Investing for Impact: What will it take?
Social enterprises, NGOs and similar civil society organisations are experts when it comes to the creation of social and environmental impact – but when it comes to financing them, the credit risk models of banks and investors send red alerts, for understandable reasons.
As a result, such entities revert to grant and philanthropic funding, which in many cases is available to them only in small amounts on an ad-hoc basis, preventing them from scaling their operations and developing sustainable operations. This traditional approach effectively creates a glass ceiling for impact generators.
We are convinced that an outcome-based approach is a big part of the solution for rendering these entities more investable, and to achieve this we use, in particular, Social and Development Impact Bonds (SDIBs)
Not only has the bank decided to invest in such structures: for example, through its recent investment alongside the European Investment Fund in a EUR14 million Fund dedicated to SIBs managed by the French asset manager Citizen Capital. It is also developing structuring & advisory services for both French and International clients on deploying SIBs and DIBs.
While SIBs and DIBs have existed for almost 15 years, allowing social investors to finance NGOs and then be reimbursed by the given country’s government if pre-decided social outcomes are achieved, Societe Generale has pushed the frontiers of this niche sector through one of its recent transactions.
Private sector participation
The deal, centred on an enterprise collecting and recycling plastic waste in Nigeria, shows how the SIB and DIB model can also attract funding from large private-sector multinationals – in this case, Unilever.
The first of the three parties involved in the deal is Wecyclers, a for-profit social enterprise that provides convenient recycling services for ordinary consumers as well as the scores of informal, low-income workers who collect and sort plastic bottles from rubbish heaps for a living. Expanding rapidly, Wecyclers needs access to more capital to enhance its collection network, and this means expanding beyond the grant model to attract more private sector participation.
To solve this, impact investors, in this case via a fund managed by Bridges Outcomes Partnerships, have agreed to pre-finance Wecyclers’ next stage of expansion via an outcome-based $2m impact bond, with KPIs linked to the tonnes of plastic collected, the number of new jobs created, and sustainable wages.
We started with one bicycle and a dream, and through hard work and entrepreneurship we have built a scalable model that, thanks to the KPIs integrated in this Development Impact Bond, will create more than 700 waste-sorter jobs, help collect up to 30,000 tonnes of plastic waste over 5 years, and improve the income of thousands of sorters, who will earn 25% more than they do today,
The third party is Unilever. Acting as the outcome funder, usually a government agency, it will repay the impact investor based on the KPI outcomes that are achieved. Already working with Wecyclers, Unilever is keen to help develop a new financing model that can be replicated elsewhere to expand the work of social enterprises who take plastics out the environment, while improving livelihoods for the waste pickers who sit at the heart of many recycling efforts.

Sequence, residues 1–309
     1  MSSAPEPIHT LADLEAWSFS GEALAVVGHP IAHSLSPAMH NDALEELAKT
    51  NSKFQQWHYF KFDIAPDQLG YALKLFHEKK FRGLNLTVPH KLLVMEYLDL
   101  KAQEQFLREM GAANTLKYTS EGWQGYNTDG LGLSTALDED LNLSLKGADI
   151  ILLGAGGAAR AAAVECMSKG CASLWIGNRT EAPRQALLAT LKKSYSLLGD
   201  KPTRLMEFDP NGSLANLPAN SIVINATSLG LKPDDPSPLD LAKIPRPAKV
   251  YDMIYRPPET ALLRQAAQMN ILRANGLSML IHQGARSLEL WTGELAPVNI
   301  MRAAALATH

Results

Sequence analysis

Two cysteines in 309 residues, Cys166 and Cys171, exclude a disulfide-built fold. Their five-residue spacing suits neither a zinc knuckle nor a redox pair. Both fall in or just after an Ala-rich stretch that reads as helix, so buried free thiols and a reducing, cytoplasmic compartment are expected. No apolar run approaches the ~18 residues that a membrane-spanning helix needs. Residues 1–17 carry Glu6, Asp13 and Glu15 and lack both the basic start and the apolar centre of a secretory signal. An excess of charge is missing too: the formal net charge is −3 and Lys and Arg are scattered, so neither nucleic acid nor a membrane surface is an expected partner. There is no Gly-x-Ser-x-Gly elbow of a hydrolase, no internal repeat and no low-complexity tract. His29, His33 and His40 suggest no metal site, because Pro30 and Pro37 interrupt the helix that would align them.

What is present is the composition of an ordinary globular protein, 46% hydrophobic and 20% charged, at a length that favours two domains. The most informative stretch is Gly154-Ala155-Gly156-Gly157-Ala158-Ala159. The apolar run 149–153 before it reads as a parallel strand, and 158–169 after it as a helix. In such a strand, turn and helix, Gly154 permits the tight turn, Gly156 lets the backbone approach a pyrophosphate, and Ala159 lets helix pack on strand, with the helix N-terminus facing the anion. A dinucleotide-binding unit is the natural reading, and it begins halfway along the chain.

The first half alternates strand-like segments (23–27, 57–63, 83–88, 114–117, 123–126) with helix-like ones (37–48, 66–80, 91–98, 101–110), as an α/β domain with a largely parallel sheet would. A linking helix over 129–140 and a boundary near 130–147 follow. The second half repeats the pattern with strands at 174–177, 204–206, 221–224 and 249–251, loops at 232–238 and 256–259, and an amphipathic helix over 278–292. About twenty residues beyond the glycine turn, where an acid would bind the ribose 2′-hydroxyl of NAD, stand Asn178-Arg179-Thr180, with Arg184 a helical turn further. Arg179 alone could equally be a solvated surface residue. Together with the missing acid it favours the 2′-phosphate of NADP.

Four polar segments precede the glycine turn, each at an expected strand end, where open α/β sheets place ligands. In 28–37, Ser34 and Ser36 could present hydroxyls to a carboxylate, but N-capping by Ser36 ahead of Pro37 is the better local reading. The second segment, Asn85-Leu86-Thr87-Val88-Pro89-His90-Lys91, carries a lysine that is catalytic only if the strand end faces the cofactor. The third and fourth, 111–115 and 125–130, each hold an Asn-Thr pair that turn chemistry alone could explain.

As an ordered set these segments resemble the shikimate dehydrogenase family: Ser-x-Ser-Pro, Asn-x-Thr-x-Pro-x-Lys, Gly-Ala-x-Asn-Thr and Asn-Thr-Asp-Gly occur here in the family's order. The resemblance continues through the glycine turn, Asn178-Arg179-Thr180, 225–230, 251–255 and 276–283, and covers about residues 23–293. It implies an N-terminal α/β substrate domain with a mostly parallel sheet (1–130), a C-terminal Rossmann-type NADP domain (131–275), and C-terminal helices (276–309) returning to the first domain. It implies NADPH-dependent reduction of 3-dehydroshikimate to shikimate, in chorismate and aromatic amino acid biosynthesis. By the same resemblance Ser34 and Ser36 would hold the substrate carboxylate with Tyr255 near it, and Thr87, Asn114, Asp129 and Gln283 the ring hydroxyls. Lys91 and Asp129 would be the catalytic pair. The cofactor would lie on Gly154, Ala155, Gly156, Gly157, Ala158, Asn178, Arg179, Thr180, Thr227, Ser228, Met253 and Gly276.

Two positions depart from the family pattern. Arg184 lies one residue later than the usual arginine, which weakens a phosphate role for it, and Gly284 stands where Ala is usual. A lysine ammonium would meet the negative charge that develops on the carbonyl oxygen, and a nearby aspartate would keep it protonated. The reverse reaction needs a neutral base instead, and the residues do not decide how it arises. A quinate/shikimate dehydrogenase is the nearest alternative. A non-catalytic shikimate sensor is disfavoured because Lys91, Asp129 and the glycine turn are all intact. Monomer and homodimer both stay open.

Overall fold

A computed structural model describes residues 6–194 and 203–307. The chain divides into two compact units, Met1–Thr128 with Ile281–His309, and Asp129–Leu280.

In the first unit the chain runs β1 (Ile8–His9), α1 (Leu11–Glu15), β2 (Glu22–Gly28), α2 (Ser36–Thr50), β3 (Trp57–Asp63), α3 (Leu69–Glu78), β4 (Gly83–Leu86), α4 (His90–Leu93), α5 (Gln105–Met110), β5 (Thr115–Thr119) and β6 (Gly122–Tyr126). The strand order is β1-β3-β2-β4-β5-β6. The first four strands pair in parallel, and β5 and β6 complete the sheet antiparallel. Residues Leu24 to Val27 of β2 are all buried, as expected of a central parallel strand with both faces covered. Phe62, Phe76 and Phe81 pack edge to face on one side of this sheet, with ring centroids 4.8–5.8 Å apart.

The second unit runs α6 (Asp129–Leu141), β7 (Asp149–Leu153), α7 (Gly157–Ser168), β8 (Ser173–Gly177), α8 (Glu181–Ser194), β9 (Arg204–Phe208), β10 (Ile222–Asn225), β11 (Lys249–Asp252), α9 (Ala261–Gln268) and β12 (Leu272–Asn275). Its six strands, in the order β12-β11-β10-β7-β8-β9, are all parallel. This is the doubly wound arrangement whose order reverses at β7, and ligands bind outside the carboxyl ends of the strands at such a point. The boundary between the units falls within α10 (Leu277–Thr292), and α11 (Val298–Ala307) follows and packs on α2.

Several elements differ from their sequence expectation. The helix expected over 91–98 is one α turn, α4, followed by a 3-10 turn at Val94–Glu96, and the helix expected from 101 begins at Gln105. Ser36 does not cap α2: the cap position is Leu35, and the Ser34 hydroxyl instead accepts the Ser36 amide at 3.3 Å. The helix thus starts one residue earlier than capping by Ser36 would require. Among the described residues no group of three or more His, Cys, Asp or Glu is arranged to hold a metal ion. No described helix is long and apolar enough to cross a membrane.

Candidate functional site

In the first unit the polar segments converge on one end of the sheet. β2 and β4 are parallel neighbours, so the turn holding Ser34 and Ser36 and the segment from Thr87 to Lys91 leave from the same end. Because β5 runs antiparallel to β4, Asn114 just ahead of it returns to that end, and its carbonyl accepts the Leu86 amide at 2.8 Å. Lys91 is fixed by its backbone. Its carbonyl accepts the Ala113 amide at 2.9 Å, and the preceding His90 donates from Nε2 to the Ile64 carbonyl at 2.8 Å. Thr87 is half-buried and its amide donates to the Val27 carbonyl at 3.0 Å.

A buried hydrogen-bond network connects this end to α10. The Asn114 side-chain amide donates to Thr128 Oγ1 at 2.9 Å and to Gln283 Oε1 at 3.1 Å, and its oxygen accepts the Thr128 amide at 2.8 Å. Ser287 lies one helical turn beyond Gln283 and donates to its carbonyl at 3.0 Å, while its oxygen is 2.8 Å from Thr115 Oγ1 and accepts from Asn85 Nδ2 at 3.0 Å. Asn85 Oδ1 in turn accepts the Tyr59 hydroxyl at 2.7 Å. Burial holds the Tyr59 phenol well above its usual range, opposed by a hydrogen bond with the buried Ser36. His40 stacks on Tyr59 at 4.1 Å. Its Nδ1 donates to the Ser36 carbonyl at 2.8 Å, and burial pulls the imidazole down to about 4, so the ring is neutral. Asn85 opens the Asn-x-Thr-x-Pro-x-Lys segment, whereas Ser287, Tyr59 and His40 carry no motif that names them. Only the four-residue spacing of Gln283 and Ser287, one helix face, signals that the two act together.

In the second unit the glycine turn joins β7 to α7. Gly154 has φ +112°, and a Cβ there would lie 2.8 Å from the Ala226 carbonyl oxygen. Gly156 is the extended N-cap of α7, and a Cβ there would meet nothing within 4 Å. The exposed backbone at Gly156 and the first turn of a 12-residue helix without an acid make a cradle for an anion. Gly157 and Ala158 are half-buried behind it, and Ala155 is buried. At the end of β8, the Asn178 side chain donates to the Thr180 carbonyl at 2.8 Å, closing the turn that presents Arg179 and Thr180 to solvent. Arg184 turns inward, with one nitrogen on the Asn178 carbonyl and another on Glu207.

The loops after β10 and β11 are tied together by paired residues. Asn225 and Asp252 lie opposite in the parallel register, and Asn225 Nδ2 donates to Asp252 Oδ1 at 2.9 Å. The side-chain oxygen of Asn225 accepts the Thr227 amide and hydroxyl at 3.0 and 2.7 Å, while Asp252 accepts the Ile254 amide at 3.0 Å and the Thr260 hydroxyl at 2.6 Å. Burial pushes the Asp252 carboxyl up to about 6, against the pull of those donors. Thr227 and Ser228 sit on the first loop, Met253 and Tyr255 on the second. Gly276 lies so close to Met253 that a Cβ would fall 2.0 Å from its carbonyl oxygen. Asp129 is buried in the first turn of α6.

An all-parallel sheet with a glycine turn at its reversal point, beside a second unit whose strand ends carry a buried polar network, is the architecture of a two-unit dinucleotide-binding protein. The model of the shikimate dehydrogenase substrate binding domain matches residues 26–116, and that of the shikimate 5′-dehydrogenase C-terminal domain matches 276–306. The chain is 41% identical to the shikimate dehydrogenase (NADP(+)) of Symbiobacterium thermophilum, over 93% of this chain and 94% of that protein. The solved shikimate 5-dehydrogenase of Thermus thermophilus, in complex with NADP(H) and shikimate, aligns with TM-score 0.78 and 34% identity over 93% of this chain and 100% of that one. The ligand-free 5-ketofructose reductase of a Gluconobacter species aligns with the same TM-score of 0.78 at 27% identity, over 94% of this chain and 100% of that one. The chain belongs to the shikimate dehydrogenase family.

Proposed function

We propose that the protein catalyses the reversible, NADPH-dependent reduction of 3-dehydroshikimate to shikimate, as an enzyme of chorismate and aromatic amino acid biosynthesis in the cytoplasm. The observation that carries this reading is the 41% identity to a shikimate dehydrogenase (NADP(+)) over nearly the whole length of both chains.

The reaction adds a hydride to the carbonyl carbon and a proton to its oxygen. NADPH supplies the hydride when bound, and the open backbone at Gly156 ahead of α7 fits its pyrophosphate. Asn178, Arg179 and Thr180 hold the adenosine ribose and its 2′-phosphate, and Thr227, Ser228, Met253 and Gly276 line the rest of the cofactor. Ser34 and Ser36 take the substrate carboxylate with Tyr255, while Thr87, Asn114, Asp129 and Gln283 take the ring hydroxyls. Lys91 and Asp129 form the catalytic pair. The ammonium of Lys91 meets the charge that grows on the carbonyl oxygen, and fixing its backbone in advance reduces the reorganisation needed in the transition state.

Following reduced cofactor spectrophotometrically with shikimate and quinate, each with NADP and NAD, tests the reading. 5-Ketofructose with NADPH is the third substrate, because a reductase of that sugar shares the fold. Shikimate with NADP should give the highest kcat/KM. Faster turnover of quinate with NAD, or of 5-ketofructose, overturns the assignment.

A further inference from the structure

Aligning risk and reward
While the impact investors are taking on risk, since they can lose money if the KPIs are not met, it gains comfort from the fact that Wecyclers is a social business already known to Unilever and vetted by the financial adviser – here Societe Generale. Moreover, the innovative financial structure means the investors are not exposed to Wecyclers’ credit risk, since Unilever, as the outcome funder, will reimburse the investors along with a return if the KPIs are met.
I’m very proud that Unilever was able to work with Societe Generale, Bridges and Wecyclers to show how Africa can lead the way in using innovative financing to solve sustainability challenges like plastics waste. By helping entrepreneurs create wealth from waste we can support jobs that help build a more sustainable future and I hope this project inspires many other similar investments around the world,
A promising beginning
This is the first ever corporate-backed impact bond (Fig. 1). It goes beyond projects that have typically not been profitable and therefore remained grant-dependent, aligning CSR values with real business development. Deals such as this will help all participants in this area understand the new business models around the circular economy and secure the recycled feedstocks needed to establish a proper value chain. For the social business, this instrument serves as an excellent opportunity to demonstrate that they are an acceptable credit risk for larger follow-up fundraising rounds.
Fig. 1: The first ever corporate-backed development impact bond
That will naturally lead to bigger projects, though Ms Enguehard cautions this will take time. Nevertheless, the bank is confident enough to be expanding its Social Impact Solutions team and is about to sign a partnership agreement which will add more innovative products to its offering.
Most importantly, the financing solutions and business models being developed for the circular economy can in the future be applied to other sectors, from healthcare and renewables to agriculture – and that really should make an impact.